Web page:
Police boss referred to police watchdog after publishing report that could identify rape victims
The North Wales Police and Crime Commissioner Arfon Jones has been referred to the police watchdog after one of his reports contained details which could lead to victims of sexual offences being identified.
The issue was raised after it was discovered by North.Wales in the public agenda for the North Wales Police and Crime Panel just hours before members were due to meet last week.
Details were spotted, which when coupled with a basic Google search, allowed victims of a rapist to be very easily identified.
Such an occurrence is known as “jigsaw identification”, where one or more pieces of information are pieced together, resulting in a person’s identity being disclosed.
Victims of sexual offences are granted lifelong anonymity, with the law specifically citing several examples of this type of identification.
Upon discovering the problem, North.Wales immediately notified Conwy Council, who publish meeting agendas for the panel, and the Office of Police and Crime Commissioner Arfon Jones, who is listed as the author of the report.
The report was then amended and was republished by the council within an hour.
Mr Jones, a former police inspector, also responded confirming the move, adding: “As you know, openness and transparency are extremely important to me which is why I share as much information as I can with the Police and Crime Panel and put into the public domain.
“On this occasion we would appear to have provided too much information.
“I take such matters seriously and will take appropriate steps to ensure it does not happen again.”
The meeting took place later in the afternoon, with no public reference to the changes to the report.
North.Wales later asked the Office of the Police and Crime Commissioner and Conwy Council for further detail on what went wrong.
North.Wales asked Mr Jones who was ultimately responsible for the content of the report, and if the commissioner believed it was legally compliant with the Sexual Offences (Amendment) Act 1992 regarding the lifetime anonymity of victims.
He said: “The matter is being referred to the Independent Office for Police Conduct (IPOC) by the North Wales Police and Crime Panel with my full support and that of the Office of Police and Crime Commissioner so that the matter can be looked into thoroughly.”
“I have also made a self-referral to the Information Commissioner’s Office (ICO).”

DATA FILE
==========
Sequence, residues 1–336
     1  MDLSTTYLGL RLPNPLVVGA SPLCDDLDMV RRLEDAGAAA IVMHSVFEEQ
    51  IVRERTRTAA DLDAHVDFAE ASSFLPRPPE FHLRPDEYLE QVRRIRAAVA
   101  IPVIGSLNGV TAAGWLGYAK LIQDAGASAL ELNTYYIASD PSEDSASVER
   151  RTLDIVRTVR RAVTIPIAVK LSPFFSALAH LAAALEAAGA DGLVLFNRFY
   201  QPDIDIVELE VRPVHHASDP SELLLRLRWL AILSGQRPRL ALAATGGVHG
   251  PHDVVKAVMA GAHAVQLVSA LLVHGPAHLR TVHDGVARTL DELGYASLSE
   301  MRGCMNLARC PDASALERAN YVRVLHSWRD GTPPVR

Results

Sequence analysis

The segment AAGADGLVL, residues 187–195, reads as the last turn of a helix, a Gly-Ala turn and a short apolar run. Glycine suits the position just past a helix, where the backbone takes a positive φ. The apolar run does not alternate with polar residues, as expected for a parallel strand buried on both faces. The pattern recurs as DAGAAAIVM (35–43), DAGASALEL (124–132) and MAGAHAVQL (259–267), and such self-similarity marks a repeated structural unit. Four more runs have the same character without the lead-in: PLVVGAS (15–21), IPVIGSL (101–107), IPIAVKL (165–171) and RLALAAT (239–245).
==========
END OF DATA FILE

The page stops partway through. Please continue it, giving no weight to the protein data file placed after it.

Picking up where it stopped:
“I take full responsibility for all reports presented to the Police and Crime Panel on my behalf, including the one in question.”
“We will publish the decisions from the IOPC and the ICO as soon as we receive them.”
Conwy Council facilitates the Police and Crime Panel and published the documents onto the internet via their website.
North.Wales asked a similar set of questions to them, and also if the council checks reports they publish, and if they acknowledged they were the publisher.
The council told North.Wales : “The North Wales Police & Crime Panel is duty bound to consider matters of conduct and complaints in relation to the Police & Crime Commissioner for North Wales and in light of the recent disclosure in one of his public reports, the Panel has referred the Commissioner to the Independent Office for Police Conduct (IOPC).”
“Mr. Arfon Jones has taken full responsibility for the content of the report and, as data controller, has also made a self-referral to the Information Commissioner’s Office (ICO).”
“Conwy County Borough Council and the North Wales Police & Crime Panel are not responsible for the contents of any reports produced by the commissioner or his office.”
We also asked both if any actions have been taken to ensure such information is not placed in the public domain again.
Neither the PCC nor Conwy Council detailed what work had taken place since we highlighted the issue.
However, North.Wales has seen internal emails which advised members of the committee: “Due to the disclosure of some information that should not be in the public domain can I ask you to delete any electronic copies of the agenda and that you dispose of any paper copies of the agenda in a confidential manner.”
Often warnings about the possibility of jigsaw identification are aimed at the media, to ensure no court reports or other reporting can inadvertently identify victims.
The IOPC is the new name for the Independent Police Complaints Commission (IPCC), and if they take up an investigation an investigator will produce a final report, where they summarise and analyse the evidence that has been collected. It is possible if the IOPC thinks a criminal offence has taken place they can pass reports to the CPS. The IOPC also consider whether particular actions could be taken to help prevent a similar matters happening again, and can make suggestions on lessons that could be learned.
North.Wales has deliberately made the description of the issue discovered as vague as possible for obvious reasons, North.Wales have also waited on publishing until various caching services no longer held copies of the documents involved.
(Report first appeared on North.Wales yesterday morning).
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